The armored cavalry regiment has proven its value across the spectrum of military operations precisely because it possessed the means and orientation to transition from one mission type to another on short notice and without additional assets. Throughout much of its history, the regiment’s basic structure remained unchanged, while other reconnaissance units underwent repeated fundamental redesign. Despite the removal of this unit type from the Army force structure, its heritage of success derived from a capability mix should not be ignored in the design of future mounted-maneuver reconnaissance units.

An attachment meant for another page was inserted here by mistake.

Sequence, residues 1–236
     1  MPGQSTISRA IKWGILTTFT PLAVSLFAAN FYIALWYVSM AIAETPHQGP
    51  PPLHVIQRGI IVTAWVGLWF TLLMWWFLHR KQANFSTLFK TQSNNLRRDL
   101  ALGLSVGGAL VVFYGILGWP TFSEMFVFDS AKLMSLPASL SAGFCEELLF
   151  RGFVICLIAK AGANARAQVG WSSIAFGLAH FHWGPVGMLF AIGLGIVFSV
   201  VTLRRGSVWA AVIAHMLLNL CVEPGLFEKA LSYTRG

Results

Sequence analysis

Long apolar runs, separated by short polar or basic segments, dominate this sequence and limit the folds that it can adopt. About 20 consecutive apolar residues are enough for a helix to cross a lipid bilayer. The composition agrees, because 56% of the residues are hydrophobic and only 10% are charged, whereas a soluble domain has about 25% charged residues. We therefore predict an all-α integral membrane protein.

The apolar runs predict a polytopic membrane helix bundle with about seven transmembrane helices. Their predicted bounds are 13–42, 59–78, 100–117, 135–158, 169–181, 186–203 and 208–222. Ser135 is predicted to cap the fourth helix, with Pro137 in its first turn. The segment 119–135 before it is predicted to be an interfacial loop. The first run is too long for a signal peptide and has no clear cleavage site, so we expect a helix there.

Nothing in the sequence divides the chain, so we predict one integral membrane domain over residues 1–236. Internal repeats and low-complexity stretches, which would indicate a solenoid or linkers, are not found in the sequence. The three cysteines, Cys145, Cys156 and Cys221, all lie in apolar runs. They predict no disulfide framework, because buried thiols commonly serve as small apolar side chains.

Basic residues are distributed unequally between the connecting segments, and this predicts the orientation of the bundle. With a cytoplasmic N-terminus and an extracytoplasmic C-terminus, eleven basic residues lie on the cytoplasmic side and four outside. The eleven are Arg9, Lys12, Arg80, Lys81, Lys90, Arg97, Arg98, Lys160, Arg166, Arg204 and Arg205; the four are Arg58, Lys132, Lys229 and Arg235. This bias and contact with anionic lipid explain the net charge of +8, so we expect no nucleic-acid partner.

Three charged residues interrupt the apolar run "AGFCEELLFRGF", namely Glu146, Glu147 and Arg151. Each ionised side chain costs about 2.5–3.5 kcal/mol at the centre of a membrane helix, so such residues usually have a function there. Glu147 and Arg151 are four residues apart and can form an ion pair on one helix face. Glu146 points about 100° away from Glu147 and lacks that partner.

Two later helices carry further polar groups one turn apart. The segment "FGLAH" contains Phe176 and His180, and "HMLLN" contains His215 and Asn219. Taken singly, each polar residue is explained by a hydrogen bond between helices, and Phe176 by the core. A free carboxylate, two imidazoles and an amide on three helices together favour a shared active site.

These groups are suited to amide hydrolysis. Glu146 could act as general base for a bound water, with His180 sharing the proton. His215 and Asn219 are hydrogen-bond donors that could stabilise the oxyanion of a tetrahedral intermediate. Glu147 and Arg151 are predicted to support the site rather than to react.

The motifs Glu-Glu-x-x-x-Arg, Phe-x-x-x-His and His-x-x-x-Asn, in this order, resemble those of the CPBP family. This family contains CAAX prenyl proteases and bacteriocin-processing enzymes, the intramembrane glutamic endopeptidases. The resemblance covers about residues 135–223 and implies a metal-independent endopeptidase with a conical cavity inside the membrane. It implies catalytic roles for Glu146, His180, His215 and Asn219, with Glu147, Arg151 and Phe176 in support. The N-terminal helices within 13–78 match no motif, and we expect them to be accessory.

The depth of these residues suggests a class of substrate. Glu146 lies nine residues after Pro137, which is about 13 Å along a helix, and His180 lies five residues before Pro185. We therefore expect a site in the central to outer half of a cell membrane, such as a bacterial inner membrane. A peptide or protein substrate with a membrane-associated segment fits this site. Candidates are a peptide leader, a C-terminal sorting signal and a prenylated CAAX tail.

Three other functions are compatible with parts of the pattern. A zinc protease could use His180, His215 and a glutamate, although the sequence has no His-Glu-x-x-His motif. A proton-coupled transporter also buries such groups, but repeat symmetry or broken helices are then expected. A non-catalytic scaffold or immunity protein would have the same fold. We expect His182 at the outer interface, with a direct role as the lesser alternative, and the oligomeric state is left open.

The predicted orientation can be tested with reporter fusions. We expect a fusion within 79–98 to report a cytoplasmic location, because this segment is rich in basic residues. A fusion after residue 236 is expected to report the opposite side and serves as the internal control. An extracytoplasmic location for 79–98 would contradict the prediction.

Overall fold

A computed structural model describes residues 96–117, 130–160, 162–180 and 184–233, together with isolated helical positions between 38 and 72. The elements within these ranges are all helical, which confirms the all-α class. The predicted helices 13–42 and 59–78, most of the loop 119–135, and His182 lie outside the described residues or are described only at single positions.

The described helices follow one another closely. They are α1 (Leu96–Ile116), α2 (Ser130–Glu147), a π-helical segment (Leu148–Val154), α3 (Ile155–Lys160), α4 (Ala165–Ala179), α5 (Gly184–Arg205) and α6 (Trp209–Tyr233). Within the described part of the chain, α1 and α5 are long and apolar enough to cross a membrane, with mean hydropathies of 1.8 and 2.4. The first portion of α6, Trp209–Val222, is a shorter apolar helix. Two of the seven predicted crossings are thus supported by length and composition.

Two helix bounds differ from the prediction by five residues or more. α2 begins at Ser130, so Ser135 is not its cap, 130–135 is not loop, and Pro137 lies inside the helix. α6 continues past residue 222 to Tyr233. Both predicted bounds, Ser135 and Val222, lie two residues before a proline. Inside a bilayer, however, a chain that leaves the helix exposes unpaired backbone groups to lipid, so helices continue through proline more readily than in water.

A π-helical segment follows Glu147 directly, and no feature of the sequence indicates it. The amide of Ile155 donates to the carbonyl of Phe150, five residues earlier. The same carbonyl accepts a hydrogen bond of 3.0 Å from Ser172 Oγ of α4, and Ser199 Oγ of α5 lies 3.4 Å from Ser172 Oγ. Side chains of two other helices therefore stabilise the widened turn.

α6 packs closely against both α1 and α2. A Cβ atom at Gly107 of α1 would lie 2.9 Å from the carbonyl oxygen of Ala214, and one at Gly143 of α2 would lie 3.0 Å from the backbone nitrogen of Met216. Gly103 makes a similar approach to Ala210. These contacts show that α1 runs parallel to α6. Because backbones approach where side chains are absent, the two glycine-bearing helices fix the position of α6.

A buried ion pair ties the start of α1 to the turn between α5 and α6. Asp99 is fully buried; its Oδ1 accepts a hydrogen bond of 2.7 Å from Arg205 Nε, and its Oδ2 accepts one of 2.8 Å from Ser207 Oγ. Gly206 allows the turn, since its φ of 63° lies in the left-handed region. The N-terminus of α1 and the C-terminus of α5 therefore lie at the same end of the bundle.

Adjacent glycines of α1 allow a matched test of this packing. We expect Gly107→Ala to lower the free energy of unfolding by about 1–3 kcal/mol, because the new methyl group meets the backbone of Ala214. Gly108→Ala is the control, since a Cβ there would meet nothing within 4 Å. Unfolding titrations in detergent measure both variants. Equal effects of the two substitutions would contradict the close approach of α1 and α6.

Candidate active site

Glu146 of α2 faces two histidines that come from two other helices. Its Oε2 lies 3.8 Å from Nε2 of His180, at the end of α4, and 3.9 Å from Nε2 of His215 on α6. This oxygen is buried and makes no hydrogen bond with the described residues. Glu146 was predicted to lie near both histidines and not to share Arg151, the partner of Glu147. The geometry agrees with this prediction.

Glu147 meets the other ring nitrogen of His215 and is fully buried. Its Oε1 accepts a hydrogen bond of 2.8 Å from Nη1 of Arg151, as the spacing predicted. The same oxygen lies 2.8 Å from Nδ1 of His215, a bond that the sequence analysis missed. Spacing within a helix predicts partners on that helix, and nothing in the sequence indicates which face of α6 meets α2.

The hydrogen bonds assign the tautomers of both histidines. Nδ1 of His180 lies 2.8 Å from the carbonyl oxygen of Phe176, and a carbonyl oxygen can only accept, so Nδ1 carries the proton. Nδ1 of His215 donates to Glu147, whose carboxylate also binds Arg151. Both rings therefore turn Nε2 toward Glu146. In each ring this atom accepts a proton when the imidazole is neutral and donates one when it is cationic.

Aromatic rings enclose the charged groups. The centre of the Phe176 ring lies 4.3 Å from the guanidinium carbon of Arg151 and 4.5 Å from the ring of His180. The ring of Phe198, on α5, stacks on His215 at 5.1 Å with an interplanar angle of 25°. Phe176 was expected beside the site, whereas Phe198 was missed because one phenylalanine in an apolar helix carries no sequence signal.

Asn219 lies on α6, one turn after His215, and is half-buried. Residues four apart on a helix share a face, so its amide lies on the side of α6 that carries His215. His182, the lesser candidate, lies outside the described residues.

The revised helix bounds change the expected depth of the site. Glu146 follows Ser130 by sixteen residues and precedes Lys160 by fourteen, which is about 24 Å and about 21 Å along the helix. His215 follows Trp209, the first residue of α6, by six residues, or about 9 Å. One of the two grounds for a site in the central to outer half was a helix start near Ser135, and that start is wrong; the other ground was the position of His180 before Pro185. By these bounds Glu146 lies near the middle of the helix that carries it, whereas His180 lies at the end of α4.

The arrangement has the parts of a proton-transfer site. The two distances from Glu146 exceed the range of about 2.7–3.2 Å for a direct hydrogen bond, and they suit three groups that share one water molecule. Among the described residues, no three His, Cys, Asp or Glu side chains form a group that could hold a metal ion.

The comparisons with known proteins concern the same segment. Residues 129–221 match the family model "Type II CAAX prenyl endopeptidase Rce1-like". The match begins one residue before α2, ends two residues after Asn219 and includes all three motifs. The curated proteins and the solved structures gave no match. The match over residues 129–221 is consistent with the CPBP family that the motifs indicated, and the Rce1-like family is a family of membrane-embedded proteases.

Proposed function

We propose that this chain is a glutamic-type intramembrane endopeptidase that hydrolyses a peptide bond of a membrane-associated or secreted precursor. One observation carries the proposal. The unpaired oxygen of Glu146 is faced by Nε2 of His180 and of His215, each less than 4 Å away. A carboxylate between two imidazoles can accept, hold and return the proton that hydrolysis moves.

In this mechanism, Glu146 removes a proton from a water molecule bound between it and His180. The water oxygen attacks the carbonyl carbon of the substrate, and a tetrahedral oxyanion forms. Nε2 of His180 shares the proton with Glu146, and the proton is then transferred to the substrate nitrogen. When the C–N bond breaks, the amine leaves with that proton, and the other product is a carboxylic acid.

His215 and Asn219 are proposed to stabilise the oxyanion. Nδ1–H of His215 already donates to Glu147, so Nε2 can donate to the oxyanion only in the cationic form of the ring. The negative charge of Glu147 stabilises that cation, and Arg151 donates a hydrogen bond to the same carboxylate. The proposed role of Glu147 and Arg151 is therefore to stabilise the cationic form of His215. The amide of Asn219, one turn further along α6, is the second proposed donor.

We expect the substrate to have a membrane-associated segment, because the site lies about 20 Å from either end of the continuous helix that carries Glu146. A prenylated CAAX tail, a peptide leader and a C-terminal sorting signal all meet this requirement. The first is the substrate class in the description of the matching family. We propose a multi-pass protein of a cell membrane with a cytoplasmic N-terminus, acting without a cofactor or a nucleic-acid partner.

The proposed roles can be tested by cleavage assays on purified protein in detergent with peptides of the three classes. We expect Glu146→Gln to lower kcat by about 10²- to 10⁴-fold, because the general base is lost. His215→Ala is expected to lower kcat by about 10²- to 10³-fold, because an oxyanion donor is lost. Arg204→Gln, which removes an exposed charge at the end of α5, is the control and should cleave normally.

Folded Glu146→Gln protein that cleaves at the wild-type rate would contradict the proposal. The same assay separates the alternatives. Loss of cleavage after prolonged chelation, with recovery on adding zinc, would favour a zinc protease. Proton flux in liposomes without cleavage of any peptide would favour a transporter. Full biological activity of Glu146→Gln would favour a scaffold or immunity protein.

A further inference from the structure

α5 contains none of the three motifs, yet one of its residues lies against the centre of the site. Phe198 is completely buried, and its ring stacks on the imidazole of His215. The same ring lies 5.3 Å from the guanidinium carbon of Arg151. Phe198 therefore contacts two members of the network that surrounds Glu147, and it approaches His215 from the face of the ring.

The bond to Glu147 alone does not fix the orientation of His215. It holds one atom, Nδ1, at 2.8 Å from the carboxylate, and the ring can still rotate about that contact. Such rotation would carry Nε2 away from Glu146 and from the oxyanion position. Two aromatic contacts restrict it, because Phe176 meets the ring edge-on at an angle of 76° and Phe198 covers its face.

Reconnaissance units optimized for information collection lack flexibility and the organic assets necessary for a broader mission focus. Too often such units have been forced by the nature of their operational environment into roles for which they were neither configured nor trained. A painful adjustment process followed in which trial and error measures predominated. In World War II, mechanized cavalry organizations deployed to Europe oriented upon the singular mission of pure reconnaissance.